Why We Design Covers The Way We Do
Or: These Covers Aren't For You, Oh Reader Of This Blog
You may have noticed that Snowbooks keeps all its design in house. This is for the two very good reasons that it's one of the most fun and most important parts of the publishing process. We design our covers with very clear aims in mind - but interestingly, sometimes people think they're not right for the book. Let's take a look at this, shall we.
(This blog post relates primarily to our fiction.) Thing The First: our aim in life.
Our primary business goal is to forge excellent relationships with retailers and to use their extensive brand presence, square footage and multiple locations to showcase, and sell, our books. The key part of that sentence is 'to sell our books'. That is what we aim to do. It shouldn't have to be said, really, but in actual fact quite a few smaller publishers don't have sales as one of their primary aims. They are interested in getting a particular sort of book into the public domain, sure, but from their actions it's hard to see how they can be particularly bothered about sales. Instead, they get a bit huffy when the sales team don't seem to be doing a good job. This happens because many publishers focus on the top end of publishing - the editorial end, the creation and signing up and words of a book - as they quite rightly should but not to the exclusion of all else. The subtle difference with our approach is that we start the publishing process with sales very firmly in mind. We'll only take on a book if we think we can sell it. Then, we can immerse ourselves in its creation - but again, with this process strongly informed by the sales plan. When it gets to the end of the creation process, then, it's all ready to be sold. The alternative approach I've seen is to be immersed in the creation of a book entirely, and when it's done to blink a few times and say 'Right. Over to the sales team.' That is not going to result in an easy book to sell.
Thing The Second: How to get a book into a 3for2
And when I say we aim to sell books, I'm not talking about a few sales here and there. With every book I hope for 50,000 copies sold. Now that's hopelessly ambitious and never works (except once), but it's all that aiming for the moon and stars stuff. We hope to appeal to the mass market. There are two reasons for that. One, the mass market has masses of people in it, therefore we don't need much market share before we've got a winner. Two, our retailer partners aim to appeal to the mass market, too. It makes sense to be aiming for the same bunch of people.
As I said above, our strategy is to work with retailers, to use their assets as the primary way to sell our books. We don't see much or any of a sales spike with reviews, or launches, or PR or any of the things that can take up vast amounts of time and money with no guarantee of translating into sales. We do, however, see flipping huge sales when we get a book onto promotion. Ergo, we try to get a lot of our books onto promotion.
Now, what do retailers look for when they're thinking about which books to put onto promotion? They're looking for the sorts of books which sell in quantity. That space at the front of store is precious. It's not fair on them to expect them to take a chance on a book with no indication that it might do well. And most of our authors, we're proud to say, are debut authors. Wonderful though they are, we can rarely point to the success of their previous books to prove to the retailer that they will do well. So we have to rely on something else.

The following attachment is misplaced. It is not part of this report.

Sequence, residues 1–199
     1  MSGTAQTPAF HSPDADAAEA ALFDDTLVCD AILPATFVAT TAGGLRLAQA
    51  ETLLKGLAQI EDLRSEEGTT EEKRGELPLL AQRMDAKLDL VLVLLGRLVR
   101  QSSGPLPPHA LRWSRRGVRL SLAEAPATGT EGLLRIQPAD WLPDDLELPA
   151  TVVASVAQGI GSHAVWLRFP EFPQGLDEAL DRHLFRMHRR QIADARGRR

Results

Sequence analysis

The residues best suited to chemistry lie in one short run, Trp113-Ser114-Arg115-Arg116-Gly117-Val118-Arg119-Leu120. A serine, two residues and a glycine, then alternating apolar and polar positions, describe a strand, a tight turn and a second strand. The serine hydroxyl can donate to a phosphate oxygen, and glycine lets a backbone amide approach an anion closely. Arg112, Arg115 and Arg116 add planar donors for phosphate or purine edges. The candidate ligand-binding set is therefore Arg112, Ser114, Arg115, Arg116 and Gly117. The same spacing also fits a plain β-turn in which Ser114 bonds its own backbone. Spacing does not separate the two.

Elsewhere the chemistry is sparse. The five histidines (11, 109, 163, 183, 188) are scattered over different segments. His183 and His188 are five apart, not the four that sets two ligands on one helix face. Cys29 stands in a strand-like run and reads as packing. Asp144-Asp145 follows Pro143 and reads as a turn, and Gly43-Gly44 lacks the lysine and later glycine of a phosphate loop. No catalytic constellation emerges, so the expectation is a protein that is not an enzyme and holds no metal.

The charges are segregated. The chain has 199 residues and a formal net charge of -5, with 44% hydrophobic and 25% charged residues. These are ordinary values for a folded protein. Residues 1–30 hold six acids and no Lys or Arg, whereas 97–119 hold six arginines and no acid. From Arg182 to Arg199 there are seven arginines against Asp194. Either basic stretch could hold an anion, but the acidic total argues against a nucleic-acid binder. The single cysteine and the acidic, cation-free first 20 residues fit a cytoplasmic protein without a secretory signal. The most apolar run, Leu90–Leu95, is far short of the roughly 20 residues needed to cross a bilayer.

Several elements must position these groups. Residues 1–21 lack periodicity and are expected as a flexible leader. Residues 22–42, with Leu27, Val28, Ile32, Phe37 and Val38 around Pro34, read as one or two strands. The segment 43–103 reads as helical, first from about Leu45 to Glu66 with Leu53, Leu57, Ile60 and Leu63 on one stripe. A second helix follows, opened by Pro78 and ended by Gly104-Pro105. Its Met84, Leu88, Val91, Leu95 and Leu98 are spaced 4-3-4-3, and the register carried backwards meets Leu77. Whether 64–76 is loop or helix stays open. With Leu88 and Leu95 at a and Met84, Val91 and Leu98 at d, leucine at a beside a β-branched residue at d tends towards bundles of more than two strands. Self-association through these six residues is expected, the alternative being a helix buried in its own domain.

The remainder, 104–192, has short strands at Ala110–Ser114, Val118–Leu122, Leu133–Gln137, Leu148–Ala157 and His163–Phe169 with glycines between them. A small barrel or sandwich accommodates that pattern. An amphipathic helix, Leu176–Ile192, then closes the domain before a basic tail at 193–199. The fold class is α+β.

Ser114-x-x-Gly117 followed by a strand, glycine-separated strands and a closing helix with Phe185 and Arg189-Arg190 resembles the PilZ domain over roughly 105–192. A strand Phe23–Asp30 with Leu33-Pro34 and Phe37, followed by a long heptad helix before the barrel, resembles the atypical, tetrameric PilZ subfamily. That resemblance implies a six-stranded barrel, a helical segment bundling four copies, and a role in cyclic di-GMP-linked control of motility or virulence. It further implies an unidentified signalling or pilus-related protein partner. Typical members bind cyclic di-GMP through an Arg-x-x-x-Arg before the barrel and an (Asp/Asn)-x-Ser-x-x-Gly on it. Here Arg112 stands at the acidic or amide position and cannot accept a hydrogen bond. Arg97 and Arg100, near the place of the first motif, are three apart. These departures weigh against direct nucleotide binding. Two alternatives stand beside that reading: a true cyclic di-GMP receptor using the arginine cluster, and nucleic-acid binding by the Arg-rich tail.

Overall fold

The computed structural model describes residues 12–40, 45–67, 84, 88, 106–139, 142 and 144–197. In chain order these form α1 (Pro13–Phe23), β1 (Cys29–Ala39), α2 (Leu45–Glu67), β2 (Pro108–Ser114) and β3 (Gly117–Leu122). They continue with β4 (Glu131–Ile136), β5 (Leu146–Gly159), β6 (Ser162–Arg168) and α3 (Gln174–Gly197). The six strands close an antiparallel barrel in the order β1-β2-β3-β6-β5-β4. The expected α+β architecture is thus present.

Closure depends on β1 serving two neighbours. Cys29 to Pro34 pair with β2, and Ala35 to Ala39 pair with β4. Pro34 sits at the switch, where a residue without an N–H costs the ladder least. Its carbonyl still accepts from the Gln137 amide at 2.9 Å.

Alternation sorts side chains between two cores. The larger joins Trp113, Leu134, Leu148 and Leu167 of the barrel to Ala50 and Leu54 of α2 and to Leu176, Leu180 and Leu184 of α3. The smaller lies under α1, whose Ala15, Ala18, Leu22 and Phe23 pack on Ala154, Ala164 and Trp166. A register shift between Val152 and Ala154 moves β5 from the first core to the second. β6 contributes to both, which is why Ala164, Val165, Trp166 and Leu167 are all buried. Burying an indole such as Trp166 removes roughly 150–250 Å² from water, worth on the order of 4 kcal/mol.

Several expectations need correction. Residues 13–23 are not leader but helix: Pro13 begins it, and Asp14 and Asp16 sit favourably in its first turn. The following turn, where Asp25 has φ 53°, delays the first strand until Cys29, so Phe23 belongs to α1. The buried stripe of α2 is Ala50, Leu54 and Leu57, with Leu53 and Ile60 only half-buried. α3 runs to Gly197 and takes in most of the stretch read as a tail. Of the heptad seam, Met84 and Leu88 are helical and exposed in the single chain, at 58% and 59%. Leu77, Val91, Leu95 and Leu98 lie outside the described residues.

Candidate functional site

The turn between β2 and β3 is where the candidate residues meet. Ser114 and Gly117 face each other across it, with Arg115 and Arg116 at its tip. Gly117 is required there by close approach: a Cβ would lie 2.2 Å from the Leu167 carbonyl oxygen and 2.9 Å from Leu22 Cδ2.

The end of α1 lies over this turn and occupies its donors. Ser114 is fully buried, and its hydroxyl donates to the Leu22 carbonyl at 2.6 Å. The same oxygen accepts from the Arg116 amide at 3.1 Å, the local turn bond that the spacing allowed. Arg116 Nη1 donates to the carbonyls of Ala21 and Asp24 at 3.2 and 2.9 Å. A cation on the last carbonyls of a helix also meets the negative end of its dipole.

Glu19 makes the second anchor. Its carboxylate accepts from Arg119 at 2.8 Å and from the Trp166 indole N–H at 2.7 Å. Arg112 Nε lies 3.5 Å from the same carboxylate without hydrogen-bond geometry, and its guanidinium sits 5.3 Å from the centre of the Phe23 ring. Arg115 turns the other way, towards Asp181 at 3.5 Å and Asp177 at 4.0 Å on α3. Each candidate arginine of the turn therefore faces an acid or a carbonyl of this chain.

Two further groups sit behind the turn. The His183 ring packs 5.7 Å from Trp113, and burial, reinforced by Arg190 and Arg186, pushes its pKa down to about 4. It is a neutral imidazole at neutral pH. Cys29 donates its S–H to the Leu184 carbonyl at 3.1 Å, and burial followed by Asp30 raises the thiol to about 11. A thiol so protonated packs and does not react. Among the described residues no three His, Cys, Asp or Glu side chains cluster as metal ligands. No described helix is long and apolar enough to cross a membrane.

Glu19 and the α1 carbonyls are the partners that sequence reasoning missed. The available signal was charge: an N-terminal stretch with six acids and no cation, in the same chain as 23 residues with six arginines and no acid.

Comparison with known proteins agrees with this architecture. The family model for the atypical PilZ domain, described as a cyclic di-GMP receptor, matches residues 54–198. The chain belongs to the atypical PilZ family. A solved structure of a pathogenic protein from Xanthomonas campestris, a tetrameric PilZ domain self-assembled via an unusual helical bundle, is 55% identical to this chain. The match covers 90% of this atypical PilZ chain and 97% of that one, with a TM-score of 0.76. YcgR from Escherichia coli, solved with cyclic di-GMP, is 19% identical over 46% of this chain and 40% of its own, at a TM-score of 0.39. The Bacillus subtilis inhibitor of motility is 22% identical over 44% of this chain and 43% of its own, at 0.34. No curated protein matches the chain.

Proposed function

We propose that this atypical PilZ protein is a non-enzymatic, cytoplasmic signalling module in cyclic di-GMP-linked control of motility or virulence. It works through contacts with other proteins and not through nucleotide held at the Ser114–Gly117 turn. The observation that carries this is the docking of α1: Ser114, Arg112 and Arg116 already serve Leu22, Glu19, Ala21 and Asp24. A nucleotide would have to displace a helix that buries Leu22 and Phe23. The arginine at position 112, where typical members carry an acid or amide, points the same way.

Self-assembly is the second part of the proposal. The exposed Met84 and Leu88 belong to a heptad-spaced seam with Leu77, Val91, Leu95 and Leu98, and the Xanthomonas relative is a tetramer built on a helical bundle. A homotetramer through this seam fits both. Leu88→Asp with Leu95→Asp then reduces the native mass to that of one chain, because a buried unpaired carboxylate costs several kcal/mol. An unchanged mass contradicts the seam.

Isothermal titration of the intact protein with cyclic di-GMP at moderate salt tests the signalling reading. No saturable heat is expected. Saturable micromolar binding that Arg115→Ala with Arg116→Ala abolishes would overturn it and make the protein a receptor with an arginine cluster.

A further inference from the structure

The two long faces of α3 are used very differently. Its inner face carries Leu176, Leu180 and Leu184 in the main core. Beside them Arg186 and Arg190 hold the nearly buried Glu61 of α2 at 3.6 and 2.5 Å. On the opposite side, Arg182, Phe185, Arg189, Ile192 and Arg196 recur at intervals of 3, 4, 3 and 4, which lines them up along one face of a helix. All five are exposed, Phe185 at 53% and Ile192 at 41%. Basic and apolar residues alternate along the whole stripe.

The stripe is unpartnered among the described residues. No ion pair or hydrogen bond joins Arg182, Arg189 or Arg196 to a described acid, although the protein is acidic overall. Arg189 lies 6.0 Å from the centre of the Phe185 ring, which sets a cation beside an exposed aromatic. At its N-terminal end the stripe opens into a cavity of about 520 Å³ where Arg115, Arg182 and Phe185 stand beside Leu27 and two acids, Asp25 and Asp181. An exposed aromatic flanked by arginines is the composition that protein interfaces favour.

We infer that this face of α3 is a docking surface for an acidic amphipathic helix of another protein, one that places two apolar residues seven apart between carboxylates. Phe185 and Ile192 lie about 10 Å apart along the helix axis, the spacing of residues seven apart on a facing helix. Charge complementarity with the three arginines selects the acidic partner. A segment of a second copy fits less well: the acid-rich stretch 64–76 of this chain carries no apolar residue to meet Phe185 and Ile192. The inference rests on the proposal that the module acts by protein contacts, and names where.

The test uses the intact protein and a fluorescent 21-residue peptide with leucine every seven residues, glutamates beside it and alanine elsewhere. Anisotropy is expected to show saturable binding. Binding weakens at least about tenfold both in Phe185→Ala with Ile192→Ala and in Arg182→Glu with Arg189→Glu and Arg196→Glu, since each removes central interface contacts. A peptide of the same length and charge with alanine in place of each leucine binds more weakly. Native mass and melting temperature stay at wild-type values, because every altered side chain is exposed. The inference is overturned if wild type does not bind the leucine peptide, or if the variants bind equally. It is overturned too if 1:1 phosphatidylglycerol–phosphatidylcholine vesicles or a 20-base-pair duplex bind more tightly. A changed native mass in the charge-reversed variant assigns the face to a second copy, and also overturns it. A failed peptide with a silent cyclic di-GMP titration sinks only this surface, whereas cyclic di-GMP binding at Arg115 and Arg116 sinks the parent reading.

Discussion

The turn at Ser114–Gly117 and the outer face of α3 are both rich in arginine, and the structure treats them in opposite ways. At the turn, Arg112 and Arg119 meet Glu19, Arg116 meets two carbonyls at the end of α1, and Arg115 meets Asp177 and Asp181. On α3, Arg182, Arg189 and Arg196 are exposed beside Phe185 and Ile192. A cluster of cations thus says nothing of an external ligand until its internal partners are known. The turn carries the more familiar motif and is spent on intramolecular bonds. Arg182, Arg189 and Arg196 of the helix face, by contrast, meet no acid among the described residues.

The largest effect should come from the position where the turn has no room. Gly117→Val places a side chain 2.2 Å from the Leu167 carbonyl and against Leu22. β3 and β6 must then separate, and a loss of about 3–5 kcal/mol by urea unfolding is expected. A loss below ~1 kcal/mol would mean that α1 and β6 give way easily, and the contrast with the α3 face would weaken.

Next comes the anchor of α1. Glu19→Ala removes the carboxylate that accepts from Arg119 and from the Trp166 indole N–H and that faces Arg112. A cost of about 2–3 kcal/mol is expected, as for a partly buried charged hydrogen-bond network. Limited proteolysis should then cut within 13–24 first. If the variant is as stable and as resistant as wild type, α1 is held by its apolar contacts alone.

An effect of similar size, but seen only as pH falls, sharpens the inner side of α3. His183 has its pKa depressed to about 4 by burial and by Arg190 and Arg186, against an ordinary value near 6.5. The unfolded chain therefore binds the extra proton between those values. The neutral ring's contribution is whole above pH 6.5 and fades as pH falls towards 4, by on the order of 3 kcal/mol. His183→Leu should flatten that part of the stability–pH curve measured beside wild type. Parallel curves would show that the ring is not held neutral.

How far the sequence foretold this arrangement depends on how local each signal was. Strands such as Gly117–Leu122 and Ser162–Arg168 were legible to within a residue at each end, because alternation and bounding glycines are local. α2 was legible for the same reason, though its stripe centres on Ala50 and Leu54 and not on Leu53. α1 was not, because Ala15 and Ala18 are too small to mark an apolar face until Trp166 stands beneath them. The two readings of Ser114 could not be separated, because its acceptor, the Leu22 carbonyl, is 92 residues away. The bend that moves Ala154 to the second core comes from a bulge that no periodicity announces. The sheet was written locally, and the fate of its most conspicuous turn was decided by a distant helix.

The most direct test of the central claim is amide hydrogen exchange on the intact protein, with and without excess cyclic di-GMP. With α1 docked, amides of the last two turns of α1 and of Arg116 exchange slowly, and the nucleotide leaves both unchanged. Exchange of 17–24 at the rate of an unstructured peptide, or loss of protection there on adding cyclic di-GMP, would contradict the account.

That something else is the sum of the packaging. Endorsements matter: they are a good shorthand to say 'if you value the opinion of the person who's endorsing this book, you might enjoy it.' But it's the cover design itself which is the thing that people see first and foremost.
Thing The Third: Covers are a filter
Bear in mind that of the 100,000-odd books published every year, a tiny fraction are promoted front of store. And then think about what a store looks like, in full promotional swing. There are still far too many books to choose from. Readers, shoppers, need to be given visual clues if they've a hope of navigating their way around that. Imagine if all the front of store books were bound in a plain white cover, with the author and title text in a black plain serif font. It would be a nightmare. You'd never find anything. The cover gives a critical clue about the type of book you're looking for.
Thing The Final: What to do.
But it gets more complicated. What if you have a book like The Letters which, whilst broadly women's lit, is very, very fine - finer, in fact, than its cousins on the shelves? Do you design a cover that reflects its literary ambition, a more sombre, reflective, original cover? Doing that will likely mean it sells 20 copies in total, as it won't be selected for promotion and therefore will die a quiet death. Or do you design a cover that places it slap bang in the women's lit category, knowing that those who select it for its women's lit elements won't be disappointed, but will have also stumbled upon a better-than-average read?
Reader, we did the latter, of course. Whilst some bloggers have disagreed with the rightness of our cover, they are not our target market as there are too few of them. We are trying to catch the eye of, first, the retailer and second, the shopper. Looking at sales so far, I think we've done a good job.
Your thoughts? Here and here and here are some others'.